Tristin O’Connor, a Bolton native from the Minuteman Class of 2016, was an Environmental Science career major, co-president of Girls in STEM, member of the Student Council including co-president her freshman through junior year, cheerleader, and president Minuteman’s chapters of SkillsUSA and National Honor Society, among others. She graduated from Fairfield University in 2020 with a degree in mechanical engineering. She works as a mechanical engineer for a U.S. aerial delivery systems team at the Natick Soldiers Systems Center.
Q. Why did you choose Minuteman?
I have a lot of family members who chose a technical education over traditional high school. So, I saw firsthand the benefits and opportunities it presented. I wanted to have the same opportunity to take advantage of all those same benefits, such as gaining real world experience and studying a more focused subject that I was really interested in.
I was always interested in math and science in middle school. Being from Bolton, you are surrounded by conservation land. You learn a lot about the environment and wildlife. Your parents, or experts who come into the school, teach you how to track a deer in the woods, how to differentiate footprints, how to identify foliage. It’s exciting to have owls and hawks in your backyard. I grew up hiking and exploring. That was something I was always exposed to. The idea of studying something I loved was really intriguing.
Q. What did you appreciate most about Minuteman?
School was a fun place to go and I immersed myself in everything. I took honors and AP classes. My senior year, I was co-president of Girls in STEM and we presented at a national conference to advocate for women in the STEM fields. We took it upon ourselves to make some positive changes in the school, like starting a recycling program. Girls in STEM hosted a vacation camp for middle school students, and we would do activities like making bottle rockets, “Math Twister,” explain the science behind tie dye, and stuff like that.
Q. How did Minuteman prepare you for college?
When I got to Fairfield University, I lived in the Women in STEM residence hall. I got super involved because of my experience with Girls in STEM at Minuteman. My sophomore year, I became a residence assistant (RA), and they usually give that to seniors. I got to plan and curate events for women coming into college and going into majors traditionally dominated by men. We got to host a lot of alumni and do activities together.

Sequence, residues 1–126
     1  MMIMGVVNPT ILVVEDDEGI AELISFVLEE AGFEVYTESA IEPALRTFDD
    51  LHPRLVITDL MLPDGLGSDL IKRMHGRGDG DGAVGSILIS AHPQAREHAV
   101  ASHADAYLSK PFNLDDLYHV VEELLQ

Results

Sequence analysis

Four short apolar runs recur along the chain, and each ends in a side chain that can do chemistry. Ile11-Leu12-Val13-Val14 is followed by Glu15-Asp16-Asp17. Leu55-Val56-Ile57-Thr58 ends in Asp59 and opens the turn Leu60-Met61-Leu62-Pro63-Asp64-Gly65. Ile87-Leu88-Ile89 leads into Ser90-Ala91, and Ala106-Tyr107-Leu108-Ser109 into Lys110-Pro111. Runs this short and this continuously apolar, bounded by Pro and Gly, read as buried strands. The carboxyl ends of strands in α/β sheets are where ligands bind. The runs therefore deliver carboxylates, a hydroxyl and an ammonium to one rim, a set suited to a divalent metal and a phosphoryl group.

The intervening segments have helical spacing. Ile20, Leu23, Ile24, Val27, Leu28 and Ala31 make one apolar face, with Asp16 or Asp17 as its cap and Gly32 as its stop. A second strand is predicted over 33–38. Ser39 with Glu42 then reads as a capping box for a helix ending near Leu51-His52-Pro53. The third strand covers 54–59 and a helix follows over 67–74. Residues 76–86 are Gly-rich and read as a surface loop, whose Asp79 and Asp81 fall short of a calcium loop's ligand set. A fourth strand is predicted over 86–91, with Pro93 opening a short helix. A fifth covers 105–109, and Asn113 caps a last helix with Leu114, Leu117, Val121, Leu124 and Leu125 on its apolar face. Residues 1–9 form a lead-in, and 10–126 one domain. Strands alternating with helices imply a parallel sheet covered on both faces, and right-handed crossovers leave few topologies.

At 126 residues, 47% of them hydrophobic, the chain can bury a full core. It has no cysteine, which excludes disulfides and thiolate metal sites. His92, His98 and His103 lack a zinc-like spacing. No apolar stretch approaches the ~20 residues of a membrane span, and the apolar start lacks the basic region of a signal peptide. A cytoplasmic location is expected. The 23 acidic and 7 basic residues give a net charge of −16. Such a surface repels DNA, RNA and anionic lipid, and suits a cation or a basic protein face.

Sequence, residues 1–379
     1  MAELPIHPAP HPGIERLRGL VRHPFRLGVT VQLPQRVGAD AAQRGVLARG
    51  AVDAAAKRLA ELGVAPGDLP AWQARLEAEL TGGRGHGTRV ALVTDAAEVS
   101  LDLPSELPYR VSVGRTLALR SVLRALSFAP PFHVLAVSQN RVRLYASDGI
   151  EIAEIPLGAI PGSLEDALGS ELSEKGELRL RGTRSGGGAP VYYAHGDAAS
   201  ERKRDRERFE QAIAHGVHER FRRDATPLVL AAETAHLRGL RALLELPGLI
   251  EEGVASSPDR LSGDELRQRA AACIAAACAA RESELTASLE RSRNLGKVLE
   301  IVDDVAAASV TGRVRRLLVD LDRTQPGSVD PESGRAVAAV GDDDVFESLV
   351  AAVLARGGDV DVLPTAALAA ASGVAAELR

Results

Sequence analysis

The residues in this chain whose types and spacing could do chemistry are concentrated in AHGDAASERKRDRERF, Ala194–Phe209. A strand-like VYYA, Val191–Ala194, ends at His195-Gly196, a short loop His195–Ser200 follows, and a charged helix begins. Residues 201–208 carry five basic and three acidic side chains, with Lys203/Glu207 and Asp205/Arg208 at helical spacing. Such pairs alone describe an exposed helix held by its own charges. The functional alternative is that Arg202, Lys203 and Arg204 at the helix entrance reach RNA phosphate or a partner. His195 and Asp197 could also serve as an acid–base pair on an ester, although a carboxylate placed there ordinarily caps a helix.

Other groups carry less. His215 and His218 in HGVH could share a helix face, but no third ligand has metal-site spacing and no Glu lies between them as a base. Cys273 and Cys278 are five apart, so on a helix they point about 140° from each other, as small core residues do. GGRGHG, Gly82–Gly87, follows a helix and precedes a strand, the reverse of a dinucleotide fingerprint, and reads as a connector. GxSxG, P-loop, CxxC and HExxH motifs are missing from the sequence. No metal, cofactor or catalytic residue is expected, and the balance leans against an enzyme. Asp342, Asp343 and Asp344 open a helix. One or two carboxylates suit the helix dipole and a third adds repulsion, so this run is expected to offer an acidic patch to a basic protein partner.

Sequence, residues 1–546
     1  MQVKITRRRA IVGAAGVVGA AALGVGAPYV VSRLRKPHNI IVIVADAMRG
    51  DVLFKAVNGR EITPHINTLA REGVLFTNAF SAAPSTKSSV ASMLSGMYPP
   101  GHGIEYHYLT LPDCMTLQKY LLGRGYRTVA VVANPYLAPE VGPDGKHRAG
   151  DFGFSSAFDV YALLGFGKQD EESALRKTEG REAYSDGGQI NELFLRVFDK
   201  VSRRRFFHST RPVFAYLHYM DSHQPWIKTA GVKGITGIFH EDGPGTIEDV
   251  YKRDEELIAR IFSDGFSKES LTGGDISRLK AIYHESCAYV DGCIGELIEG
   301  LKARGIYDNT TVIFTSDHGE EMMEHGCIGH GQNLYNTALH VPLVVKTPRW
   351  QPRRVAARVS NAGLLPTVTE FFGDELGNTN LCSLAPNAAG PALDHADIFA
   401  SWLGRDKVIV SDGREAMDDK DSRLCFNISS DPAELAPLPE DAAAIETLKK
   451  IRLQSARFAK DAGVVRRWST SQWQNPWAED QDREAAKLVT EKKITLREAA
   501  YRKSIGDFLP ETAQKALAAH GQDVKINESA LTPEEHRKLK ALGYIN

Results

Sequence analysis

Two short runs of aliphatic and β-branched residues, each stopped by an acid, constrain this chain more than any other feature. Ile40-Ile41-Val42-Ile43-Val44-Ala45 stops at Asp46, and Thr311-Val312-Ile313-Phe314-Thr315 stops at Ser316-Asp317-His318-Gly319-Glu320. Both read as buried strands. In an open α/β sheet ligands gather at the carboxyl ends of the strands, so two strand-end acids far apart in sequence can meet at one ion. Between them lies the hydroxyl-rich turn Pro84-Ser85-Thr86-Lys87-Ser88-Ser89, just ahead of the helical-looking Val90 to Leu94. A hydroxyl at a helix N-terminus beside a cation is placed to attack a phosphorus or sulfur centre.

When it came to academic classes in college, I felt better prepared than many of the other students. I didn’t feel like a fish out of water taking a calculus class in college because I took AP calculus at Minuteman. I also had students ask me if I would present a group project because I didn’t mind presenting. It wasn’t a big deal to me, but I guess it was for a lot of people. I credit a lot of that to my Environmental Science classes at Minuteman. Every week, we had “World News Wednesday,” when three students would bring in a peer-reviewed article and present it. It was really all about making people comfortable with public speaking.
Q. How did Minuteman prepare you for career?
Minuteman instilled in me how to be a good team player. Not only with sports, but with activities like Skills USA and senior projects.
In the Environmental Science program, I obtained my wastewater and drinking water treatment licenses. I still have both of those licenses and I’ve maintained them. The licenses stand out so much on a resume. So many potential employers said they were really impressed by that and that it set me apart from other candidates.
My senior year, Mr. [Terence] Regan, one of my environmental science teachers, took us to a career fair at the DCU Center in Worcester. There were a ton of municipalities and construction companies there. Not only was it educational, but we handed out our resumes to literally everyone. My resume made it to the City of Framingham. I began working in the Framingham Water Department the same week I graduated from Minuteman. I worked there for three summers as a full-time engineering intern. I got to go around and do water quality testing and inspections, as well as see different engineering and design projects.
Q. What advice would you give to prospective Minuteman students?
I would definitely say, ‘Yes, you should go to Minuteman.’ You have a greater opportunity to discover your interests and how to better achieve your goals.
If you think you might be interested in something, there is no harm in trying it. The learning experience is going to be a lot more beneficial because you have the opportunity to try it. Also, you’re going to make some of your best friends at Minuteman. The fact that everyone, regardless of if it was your teammate or someone you took one class with, is so willing to connect and help each other even five or 10 years later is a testament to the community.